Scientists from MIT have discovered a method to dramatically reduce the loss of memory and learning ability in mice with a version of Alzheimer’s disease, potentially offering a new approach for tackling the illness in humans.

A group of biologists at MIT say they have obtained evidence from an animal study that the SIRT1 pathway can be used to successfully treat Alzheimer’s. The researchers achieved the result by working with a gene, SIRT1, in the mouse brain. The gene regulates the production of a class of proteins known as sirtuin one.

In a study of mice modeled to suffer from Alzheimer’s while producing higher levels of sirtuin one, the scientists found that the rodents retained both memory and learning abilities, warding off the disease.

Sometimes described as the “longevity gene,” SIRT1 has become the focus of intense research in recent years. Studies have shown that a highly calorie-restricted diet can turn on the gene and thereby increase longevity in everything from yeast to mice.

Similarly, a compound called resveratrol, found in red wine, also might switch on the gene, and tap the brakes on aging, at least in animals. Drug companies, including Cambridge-based Sirtris Pharmaceuticals Inc., a subsidiary of GlaxoSmithKline PLC, have been developing medications for diabetes and metabolic disorders based on this idea.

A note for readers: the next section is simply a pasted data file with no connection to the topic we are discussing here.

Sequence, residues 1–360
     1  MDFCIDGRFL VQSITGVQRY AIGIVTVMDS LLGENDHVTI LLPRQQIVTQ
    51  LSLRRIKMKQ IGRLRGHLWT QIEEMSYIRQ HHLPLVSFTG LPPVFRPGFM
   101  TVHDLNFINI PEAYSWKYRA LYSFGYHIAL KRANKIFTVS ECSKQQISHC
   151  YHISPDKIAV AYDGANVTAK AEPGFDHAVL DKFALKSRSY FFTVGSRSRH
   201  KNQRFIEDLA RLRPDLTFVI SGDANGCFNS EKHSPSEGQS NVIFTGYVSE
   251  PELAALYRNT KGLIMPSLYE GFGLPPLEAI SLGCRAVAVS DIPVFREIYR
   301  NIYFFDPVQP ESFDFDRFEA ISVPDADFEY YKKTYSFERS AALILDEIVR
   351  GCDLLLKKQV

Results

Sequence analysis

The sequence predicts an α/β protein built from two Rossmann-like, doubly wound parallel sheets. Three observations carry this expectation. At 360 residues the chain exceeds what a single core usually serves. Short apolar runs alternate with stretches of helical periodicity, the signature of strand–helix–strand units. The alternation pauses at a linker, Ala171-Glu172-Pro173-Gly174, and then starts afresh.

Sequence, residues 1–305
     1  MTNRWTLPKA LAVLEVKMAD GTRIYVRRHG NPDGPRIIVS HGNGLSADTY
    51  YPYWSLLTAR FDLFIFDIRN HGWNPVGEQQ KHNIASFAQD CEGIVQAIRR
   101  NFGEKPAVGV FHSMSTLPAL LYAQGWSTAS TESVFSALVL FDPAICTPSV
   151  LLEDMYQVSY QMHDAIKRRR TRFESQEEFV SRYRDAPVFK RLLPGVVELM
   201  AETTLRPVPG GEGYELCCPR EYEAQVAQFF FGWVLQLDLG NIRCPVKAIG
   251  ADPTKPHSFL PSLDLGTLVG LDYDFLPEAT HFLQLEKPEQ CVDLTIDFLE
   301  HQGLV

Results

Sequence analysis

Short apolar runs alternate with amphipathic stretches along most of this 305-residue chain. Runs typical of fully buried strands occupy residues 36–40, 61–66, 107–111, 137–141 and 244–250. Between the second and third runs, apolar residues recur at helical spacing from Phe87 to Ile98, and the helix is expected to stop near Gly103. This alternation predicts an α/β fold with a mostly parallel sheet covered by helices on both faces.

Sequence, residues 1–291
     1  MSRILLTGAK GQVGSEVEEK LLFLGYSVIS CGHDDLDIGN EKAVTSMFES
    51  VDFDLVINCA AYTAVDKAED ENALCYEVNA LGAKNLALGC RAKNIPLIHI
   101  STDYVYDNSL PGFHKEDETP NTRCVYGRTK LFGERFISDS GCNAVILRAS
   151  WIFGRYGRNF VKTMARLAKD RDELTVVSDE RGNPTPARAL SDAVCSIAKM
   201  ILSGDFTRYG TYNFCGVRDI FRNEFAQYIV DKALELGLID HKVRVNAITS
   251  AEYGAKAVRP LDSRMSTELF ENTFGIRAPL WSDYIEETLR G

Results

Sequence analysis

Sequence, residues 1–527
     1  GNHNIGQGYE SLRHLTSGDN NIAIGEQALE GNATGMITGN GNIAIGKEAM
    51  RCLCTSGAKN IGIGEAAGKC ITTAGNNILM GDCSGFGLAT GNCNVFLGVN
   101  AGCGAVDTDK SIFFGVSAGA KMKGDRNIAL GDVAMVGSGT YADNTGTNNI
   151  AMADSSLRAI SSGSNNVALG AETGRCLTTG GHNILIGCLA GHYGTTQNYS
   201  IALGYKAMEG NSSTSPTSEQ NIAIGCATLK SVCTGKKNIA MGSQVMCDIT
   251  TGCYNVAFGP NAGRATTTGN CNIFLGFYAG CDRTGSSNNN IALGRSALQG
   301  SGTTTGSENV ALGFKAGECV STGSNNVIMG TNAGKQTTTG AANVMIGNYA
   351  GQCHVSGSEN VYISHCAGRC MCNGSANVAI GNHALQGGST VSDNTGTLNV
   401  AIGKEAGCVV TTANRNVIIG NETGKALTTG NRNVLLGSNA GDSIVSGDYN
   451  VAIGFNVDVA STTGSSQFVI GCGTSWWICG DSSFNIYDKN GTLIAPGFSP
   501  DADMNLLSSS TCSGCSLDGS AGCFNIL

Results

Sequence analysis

SIRT1 is also involved in learning and memory, according to two other recent papers. One was published in Nature earlier this month, led by MIT neuroscientist Li-Huei Tsai, and the other in the current issue of the Journal of Neuroscience, led by University of Southern California biochemist Valter D. Longo.

“This is the first demonstration that the SIRT1 pathway can mitigate Alzheimer’s,” Leonard Guarente, a biologist at MIT, tells the Wall Street Journal. And mice engineered without SIRT1 quickly succumbed to the disease. When a certain protein is broken into fragments, it creates amyloid plaques that are a biomarker of Alzheimer’s. But it’s believed that sirtuin one can break the fragments into harmless particles, helping to avert the disease, which strikes one in three people who reach the age of 80.

It will be a long road from the new SIRT1 findings to any medications for people with Alzheimer’s, said Dr. Howard Fillit, executive director of the Alzheimer’s Drug Discovery Foundation, a charity devoted to accelerating drug development.

“These are very interesting science findings in mice,’’ Fillit said in an e-mail. “But scientists have been able to cure genetically modified mice with features related to Alzheimer’s disease 150 to 200 times, “and we still don’t have a drug for human beings to take.’’